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Call for beer duty cut as near £6bn Covid sales losses revealed

Beer sales fell in the UK during the Covid-19 pandemic as people shunned pubs and drank wine and spirits at home instead.

Pubs, bars and restaurants lost beer sales revenue totalling £5.7bn in 2021, according to the latest British Beer and Pub Association (BBPA) figures.

The trade body said pubs and clubs served the equivalent of 1.4bn fewer pints.

The BBPA attributes the shift to periods of restricted pub trading, the location where beer is by far the most popular drink, along with a rise in at-home drinking.

The findings come as Treasury ministers begin considering responses to a consultation on simplifying the alcohol duty system with the intention to link duty rates to the alcoholic strength of drinks categories.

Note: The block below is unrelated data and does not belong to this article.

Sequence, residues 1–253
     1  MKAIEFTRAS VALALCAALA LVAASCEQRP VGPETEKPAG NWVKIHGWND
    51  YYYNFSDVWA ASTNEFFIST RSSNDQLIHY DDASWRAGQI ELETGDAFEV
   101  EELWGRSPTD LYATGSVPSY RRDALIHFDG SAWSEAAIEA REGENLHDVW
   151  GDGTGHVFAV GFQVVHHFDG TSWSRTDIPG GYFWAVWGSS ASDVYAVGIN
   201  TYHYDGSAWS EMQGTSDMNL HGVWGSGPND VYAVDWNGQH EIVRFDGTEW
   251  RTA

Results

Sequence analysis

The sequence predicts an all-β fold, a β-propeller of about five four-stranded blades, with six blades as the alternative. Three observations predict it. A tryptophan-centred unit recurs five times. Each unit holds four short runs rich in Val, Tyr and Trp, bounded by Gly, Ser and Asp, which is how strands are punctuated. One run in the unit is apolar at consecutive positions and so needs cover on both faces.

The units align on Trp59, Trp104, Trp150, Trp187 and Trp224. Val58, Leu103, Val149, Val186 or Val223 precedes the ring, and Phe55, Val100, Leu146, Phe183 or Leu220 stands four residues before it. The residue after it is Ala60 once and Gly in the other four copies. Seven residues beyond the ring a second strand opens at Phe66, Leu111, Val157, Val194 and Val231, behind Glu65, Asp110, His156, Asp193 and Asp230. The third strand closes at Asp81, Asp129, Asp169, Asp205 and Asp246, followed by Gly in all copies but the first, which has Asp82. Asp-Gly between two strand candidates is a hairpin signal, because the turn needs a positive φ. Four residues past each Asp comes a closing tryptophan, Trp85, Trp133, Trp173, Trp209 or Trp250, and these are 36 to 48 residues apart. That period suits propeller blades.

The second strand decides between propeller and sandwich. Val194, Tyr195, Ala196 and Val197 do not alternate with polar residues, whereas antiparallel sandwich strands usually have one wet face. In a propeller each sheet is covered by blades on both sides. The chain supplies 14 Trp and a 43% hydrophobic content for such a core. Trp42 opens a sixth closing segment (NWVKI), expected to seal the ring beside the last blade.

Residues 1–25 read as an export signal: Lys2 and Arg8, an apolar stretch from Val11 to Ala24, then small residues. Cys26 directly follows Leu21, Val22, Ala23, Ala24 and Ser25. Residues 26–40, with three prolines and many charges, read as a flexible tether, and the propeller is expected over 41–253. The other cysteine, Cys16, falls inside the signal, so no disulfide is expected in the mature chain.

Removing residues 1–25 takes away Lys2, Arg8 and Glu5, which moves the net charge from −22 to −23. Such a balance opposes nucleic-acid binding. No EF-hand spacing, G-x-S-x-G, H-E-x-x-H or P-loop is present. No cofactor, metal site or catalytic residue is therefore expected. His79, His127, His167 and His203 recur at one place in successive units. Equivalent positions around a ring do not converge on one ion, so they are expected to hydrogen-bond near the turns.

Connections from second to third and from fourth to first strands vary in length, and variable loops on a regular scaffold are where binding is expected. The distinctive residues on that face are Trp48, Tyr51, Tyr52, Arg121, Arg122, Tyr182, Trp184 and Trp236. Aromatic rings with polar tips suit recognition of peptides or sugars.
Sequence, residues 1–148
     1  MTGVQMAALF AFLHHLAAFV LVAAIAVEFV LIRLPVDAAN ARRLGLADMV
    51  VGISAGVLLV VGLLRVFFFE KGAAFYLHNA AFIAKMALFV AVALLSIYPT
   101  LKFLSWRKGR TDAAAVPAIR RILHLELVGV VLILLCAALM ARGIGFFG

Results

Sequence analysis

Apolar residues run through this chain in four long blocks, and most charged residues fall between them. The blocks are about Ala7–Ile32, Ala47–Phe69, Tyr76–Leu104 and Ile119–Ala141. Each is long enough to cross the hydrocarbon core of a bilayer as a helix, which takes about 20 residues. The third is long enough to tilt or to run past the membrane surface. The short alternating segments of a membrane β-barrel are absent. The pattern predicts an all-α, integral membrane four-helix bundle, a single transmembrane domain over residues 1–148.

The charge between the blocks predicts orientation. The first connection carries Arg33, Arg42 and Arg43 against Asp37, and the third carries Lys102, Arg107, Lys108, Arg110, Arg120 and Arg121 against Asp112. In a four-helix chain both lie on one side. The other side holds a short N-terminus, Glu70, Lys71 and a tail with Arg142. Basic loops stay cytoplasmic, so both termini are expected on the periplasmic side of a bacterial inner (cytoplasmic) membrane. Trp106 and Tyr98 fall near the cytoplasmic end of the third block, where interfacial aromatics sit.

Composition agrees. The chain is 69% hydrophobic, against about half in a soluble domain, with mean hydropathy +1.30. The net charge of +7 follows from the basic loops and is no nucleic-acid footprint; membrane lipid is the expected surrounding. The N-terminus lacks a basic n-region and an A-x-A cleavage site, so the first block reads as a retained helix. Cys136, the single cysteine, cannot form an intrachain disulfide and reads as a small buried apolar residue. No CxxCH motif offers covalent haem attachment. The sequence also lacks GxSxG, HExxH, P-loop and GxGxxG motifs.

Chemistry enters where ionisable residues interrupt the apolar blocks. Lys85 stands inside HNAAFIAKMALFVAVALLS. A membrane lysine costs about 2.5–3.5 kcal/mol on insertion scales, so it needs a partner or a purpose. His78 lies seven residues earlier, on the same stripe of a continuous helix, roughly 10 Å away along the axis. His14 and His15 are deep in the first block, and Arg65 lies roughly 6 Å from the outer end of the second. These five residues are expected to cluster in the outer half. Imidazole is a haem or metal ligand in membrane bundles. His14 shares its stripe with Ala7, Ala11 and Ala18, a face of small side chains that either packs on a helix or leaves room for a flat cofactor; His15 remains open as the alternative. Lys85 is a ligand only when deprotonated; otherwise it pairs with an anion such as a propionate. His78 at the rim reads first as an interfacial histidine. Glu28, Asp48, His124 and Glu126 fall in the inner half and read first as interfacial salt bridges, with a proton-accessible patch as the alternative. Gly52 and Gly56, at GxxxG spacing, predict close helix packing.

The trade body called on the government to cut beer duty to help it recover from the effects of the pandemic restrictions.

BBPA chief executive Emma McClarkin said: “Every unsold pint is a stark reminder of the dislocating effect Covid restrictions had on our sector and the communities our pubs sit at the heart of.

“Our analysis showing falling beer consumption supports the Treasury’s stated objective to incentivise lower-strength products and differentiate beer from stronger wine and spirts as part of planned reforms to the alcohol duty system.

“We must again ask ministers to go further and support our recovery by continuing to reduce the punitive tax burden on our sector to ensure the sustainability of brewing and pubs.”

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